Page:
However, Fyvie is not like other battles of this period. There were no formal battle lines and no preliminaries. Neither were there spectators confident of victory as at the Battle of Tippermuir. At Fyvie, Montrose was caught unawares, let down by poor intelligence and not for the last time. There is some doubt as to when he and his army actually arrived at Fyvie, after their circuit of the central highlands. Most sources suggest that he arrived on 27th October, believing that Argyll’s army was at least five days behind him. In which case he was wrong and this accounts for his army’s lack of preparedness on the morning of 28th October. Buchan suggests however that Montrose might have arrived as early as 24th October, in which case Montrose should not have been surprised and he should have taken steps to ensure that he would not be surprised. However much time Montrose had to prepare, and I prefer to believe that it was the shorter period, his army went to work stripping Fyvie Castle of useful war making impedimenta. All the pewter that could be found was stripped out and turned into ball ammunition by the armourers accompanying the Irish contingent. Montrose correctly assessed Fyvie Castle as being unsuitable for defence and chose a position about 500 metres to the East. This was a piece of higher ground with steep slopes to the West and South and with the River Ythan to the North. The feature was wooded and the lower slopes were covered by small enclosures. These were reinforced for defence by further earth works even though his Army did not expect an attack imminently. The remnant of the earth works can still be seen at the site.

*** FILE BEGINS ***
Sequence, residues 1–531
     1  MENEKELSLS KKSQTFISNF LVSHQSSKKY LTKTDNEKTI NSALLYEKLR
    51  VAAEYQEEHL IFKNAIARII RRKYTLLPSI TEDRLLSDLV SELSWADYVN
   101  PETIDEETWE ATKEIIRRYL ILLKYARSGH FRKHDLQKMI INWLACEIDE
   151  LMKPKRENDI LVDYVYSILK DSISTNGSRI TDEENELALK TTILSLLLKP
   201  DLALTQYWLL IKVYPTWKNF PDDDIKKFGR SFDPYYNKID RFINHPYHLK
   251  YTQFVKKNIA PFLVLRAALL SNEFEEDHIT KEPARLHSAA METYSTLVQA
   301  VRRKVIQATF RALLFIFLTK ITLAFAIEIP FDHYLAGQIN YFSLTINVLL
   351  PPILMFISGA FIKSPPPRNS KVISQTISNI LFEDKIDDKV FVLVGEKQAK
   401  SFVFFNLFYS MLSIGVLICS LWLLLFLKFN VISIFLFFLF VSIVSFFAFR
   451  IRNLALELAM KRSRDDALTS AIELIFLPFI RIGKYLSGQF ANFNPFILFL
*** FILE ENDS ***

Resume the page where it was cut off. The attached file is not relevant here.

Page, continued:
Early on the morning of 28th October, the outlying piquets ran in reporting that Lothian’s cavalry were only two miles away having approached from the South. Montrose was forced to adopt a hasty defensive position around his camp whilst continuing to reinforce the enclosures for defensive purposes. Argyll was very close with an army of 2500 foot and 1200 horse which greatly outnumbered Montrose’s force of approximately 1200 foot and no more than 50 or so horse. The ground was not suitable for formal deployment into line and the Covenanters were forced to approach up narrow spits of firm ground and attack the Royalist force from the line of march. Lothian’s infantry attacked on a narrow front and with considerable vigour. They gained a foothold amongst the lower enclosures and clearly there was some fierce hand to hand fighting. The Royalists lost some 15 or 16 men killed in action and no doubt there would have been at least a similar number wounded. More Covenant infantry were introduced into what had clearly become a secure position on the lower slopes and Montrose quickly determined that the position must be restored by a counter attack as soon as possible. Montrose ordered O’Cahan and Donald Farquharson to do so and they were able to eject Lothian’s musketeers relatively quickly. But it would have been a hard fight at very close quarters and there is no doubt that there would have been further casualties on both sides. However, there are no further reports of Royalist casualties beyond those suffered in the initial assault. By recapturing the lower enclosures, the Irish were able to resupply themselves with powder looted from the dead Covenanters to go with their new supply of ball ammunition.